Pandemic and the Perils of Pass and Play


Pandemic is one of my favorite games, and for good reason. It’s one of the first and best cooperative games, with a strong theme that puts you in the role of fearless scientists trying to save the world from horrible diseases. It’s easy to learn, hard to beat, and has brought more than its share of new gamers into the hobby.

So I should be thrilled that F2Z Media has put out a Pandemic iOS app, right? Well, not so much.

There’s nothing wrong with the app itself. It’s a solid translation of the game, and it seems to have been well-received in the iTunes app store. There’s just one fly in the ointment: the only multiplayer component is “pass and play.”

Pass and play is the multiplayer you build when you can’t build a real multiplayer game. Board games are about connecting with other people, and the best computer adaptations of board games — games like Ticket to Ride, Ascension and Carcassonne — make it easy to play with old and new friends, whether they’re across the street or on the other side of the world. The best apps give you more people to play with; pass and play does nothing but provide a small convenience when playing with the people you already know.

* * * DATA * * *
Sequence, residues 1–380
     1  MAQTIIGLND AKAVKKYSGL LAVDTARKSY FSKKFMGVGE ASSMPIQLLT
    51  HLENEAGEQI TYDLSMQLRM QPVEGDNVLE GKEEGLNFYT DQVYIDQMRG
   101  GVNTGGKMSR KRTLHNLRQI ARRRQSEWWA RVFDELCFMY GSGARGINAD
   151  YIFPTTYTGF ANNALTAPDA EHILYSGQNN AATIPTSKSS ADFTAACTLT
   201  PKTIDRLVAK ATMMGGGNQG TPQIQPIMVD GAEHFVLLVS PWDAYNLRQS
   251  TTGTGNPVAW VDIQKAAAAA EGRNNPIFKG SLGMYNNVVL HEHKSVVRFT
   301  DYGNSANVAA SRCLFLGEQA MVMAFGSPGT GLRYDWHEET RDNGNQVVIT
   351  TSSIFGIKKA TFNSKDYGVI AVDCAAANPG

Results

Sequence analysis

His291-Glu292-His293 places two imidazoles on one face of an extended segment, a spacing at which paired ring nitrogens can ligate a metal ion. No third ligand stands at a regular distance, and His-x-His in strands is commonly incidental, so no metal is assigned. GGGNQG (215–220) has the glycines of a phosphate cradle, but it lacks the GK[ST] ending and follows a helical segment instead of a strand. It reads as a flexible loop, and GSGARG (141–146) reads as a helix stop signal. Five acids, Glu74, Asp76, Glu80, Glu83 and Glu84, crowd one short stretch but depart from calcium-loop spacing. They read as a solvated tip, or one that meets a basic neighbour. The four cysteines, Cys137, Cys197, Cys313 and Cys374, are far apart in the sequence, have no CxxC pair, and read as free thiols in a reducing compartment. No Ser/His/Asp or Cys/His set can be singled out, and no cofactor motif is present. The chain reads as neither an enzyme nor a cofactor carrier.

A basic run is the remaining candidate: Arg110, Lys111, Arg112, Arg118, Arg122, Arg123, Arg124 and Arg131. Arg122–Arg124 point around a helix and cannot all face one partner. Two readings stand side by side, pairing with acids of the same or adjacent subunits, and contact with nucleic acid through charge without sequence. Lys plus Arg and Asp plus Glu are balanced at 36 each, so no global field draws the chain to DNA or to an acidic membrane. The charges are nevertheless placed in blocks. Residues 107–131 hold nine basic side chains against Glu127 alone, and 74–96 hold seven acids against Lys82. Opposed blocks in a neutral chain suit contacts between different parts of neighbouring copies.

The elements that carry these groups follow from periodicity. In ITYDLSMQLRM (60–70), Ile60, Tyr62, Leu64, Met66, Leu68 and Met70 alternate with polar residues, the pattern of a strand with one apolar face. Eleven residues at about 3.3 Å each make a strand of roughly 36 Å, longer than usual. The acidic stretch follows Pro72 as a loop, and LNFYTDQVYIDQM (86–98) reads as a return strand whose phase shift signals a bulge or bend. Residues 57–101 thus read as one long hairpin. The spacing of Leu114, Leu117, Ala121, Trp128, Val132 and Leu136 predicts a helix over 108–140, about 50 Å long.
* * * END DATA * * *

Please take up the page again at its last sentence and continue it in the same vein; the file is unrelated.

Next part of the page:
I can’t completely discount that convenience, especially since it’s a lot easier to go on vacation with an iPad than with a stack of board games. But I can’t shake the feeling that the coders of Pandemic missed an opportunity here. Give me a great game and the ability to connect online and I’m the happiest gamer in the world. But in person, I’d rather have cardboard.

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Copyright 2013 The Roaming Designer